1. Careers
Send to a Friend via Email
You can opt-out at any time. Please refer to our privacy policy for contact information.

Zoo Careers and Salaries

By

Swinging
Anna Yu / E+ / Getty Images

Did you ever wonder what a particular zoo position pays? Many career seekers dream of working at a zoo but are unsure of what they could expect to earn. Here is an overview of popular zoo positions and usual salary ranges for each type of work:

Zoo Veterinarian

Zoo veterinarians are responsible for maintaining the health of a collection’s animals and providing emergency care when an animal is sick or injured. General duties include performing surgeries, assisting with difficult births, cleaning teeth, taking x-rays and ultrasounds, suturing wounds, and evaluating animals that have shown significant behavioral or physiological changes. According to the Bureau of Labor Statistics, veterinarians earned an average yearly salary of $82,040 per year in 2011. Board certified specialists in zoological medicine can expected to earn much higher salaries due to the advanced education required for achieving diplomate status. In 2010 there were 133 board certified specialists in zoological medicine according to the American Veterinary Medical Association.

Zoologist

Zoologists employed by zoos are usually involved with conducting research studies, developing captive breeding programs, and analyzing data from the zoo’s collection of animals. Subspecialties in the field of zoology include mammalogy (mammals), herpetology (reptiles), ichthyology (fish), and ornithology (birds). Zoologists generally earn between $60,000 and $70,000 per year, depending on their level of education and the nature of their work.

Zoo Curator

Zoo curators oversee keepers, veterinarians, and other members of the support staff as they provide care for the animals under their supervision. They are involved with all day to day decisions, developing research projects, and acquiring new animals for exhibits and breeding programs. Curators may specialize further as curator of a specific group of animals (i.e. reptiles or hoofstock), exhibits, education, conservation, research, or as the general curator (supervising all other specialty curators). According to the Bureau of Labor Statistics, curators earned a median annual salary of $48,800 per year in the most recent salary survey of 2011. The highest 10 percent of curators reportedly earned more than $87,380 per year.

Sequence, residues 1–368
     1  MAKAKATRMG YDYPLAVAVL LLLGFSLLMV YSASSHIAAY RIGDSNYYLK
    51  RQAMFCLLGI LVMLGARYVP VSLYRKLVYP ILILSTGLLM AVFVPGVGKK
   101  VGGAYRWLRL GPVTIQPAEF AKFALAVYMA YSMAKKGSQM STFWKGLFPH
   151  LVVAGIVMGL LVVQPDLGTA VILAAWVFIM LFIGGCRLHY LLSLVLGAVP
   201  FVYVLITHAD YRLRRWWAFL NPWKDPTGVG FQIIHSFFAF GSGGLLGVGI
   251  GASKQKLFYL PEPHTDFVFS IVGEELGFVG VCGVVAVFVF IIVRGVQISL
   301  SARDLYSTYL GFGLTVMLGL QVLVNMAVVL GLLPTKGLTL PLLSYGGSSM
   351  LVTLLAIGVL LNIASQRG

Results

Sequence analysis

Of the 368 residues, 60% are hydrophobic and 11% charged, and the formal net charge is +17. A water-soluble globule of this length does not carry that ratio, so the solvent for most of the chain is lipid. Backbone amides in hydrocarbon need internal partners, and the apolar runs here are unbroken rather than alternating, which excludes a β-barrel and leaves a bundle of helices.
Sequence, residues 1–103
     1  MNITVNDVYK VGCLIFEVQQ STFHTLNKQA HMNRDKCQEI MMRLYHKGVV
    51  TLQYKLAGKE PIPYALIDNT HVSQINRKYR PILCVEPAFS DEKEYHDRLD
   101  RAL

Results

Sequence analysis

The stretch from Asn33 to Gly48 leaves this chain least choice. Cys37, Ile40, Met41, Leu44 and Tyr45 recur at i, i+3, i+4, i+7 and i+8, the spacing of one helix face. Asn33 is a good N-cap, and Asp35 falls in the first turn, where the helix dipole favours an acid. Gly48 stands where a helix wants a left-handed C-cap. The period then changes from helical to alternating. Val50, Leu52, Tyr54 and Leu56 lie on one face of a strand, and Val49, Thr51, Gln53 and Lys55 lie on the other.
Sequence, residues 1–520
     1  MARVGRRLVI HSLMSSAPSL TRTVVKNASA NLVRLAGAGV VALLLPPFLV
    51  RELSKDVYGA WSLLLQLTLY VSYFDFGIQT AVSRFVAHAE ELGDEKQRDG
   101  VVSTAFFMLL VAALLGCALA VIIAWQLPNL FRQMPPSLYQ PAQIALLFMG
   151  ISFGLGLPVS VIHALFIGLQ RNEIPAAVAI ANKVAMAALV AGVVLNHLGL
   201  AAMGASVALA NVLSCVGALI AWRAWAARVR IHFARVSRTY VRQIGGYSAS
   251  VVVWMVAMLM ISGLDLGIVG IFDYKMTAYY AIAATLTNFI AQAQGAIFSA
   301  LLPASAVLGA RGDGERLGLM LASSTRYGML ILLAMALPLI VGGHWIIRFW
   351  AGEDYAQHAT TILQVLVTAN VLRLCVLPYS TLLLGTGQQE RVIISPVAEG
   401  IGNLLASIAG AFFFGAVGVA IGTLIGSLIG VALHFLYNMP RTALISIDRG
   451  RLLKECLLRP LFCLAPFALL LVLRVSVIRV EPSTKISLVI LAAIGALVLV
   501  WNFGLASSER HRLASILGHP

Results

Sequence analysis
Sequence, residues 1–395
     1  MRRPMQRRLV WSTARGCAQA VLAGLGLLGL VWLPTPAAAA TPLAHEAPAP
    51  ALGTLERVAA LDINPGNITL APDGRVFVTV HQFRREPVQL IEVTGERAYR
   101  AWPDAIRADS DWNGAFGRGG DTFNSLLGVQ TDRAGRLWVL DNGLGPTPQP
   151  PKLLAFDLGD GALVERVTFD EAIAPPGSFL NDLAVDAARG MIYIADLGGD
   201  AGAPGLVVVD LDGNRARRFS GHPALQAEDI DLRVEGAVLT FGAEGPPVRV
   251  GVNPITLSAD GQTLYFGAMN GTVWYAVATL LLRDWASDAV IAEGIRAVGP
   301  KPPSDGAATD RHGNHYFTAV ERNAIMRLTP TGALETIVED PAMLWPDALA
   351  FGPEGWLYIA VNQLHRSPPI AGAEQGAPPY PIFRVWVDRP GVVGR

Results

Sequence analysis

Zoo Veterinary Technician

A zoo veterinary technician is tasked with assisting zoo veterinarians with treatments and procedures. Routine duties for a zoo vet tech include preparing surgical sites, assisting with surgeries, changing bandages, taking samples, running lab tests, and giving injections. Specialty certification in the field is available to those with at least 10,000 hours (5 years) of documented experience in zoo medicine. Zoo vet techs can expect to earn between $35,000 and $45,000 per year, which is on the top end of the general veterinary technician compensation range.

Zoo Registrar

Zoo registrar is an administrative position that involves detailed record keeping for each animal in the zoo’s collection and completing the paperwork necessary by law to keep and transport zoo animals. Zoo registrars work closely with keepers and curators to maintain a comprehensive log of each animal’s behavior, veterinary history, pedigree, and dietary needs. Zoo registrar salaries can vary widely based on the individual’s level of experience and the funding available to each zoo, but it generally ranges from $30,000 to $50,000 per year.

Zoo Educator

Zoo educators give tours and lectures to zoo visitors in an effort to promote wildlife conservation. Some presentations may involve handling of live animals (often parrots, turtles, and small mammals). Zoo educators may also be tasked with developing their own original educational materials and assisting with advertising and marketing campaigns. Zoo educator salaries may vary, but a reasonable salary expectation would be $30,000 per year.

Zoo Keeper

Zoo keepers provide daily care for the animals that they supervise. These tasks may include feeding, assisting with veterinary care, monitoring behavior, cleaning animal enclosures, giving medications, assisting with demonstrations, and answering questions from the general public. Zoo keeper positions are not noted for being particularly high paying opportunities, but they are still hard to come by since career seekers are attracted to the hands on interaction with exotic animals. Most keeper positions pay between $20,000 and $30,000 per year.

Zoo Commissary Keeper

Zoo commissary keepers are tasked with preparing animal diets as directed by the zoo nutritionists and veterinarians. They take inventories and order supplies as needed, assist with unloading deliveries, regularly disinfect the kitchen food prep areas, properly store food products, deliver animal rations to keepers or distribute them to the animals directly, and give tours of the kitchen to school groups. Commissary keepers usually earn a salary in the same range as animal keepers, about $25,000 to $30,000 per year. Commissary managers can earn as much as $70,000 per year.

  1. About.com
  2. Careers
  3. Animal Careers
  4. Compensation
  5. Zoo Careers and Salaries

©2014 About.com. All rights reserved.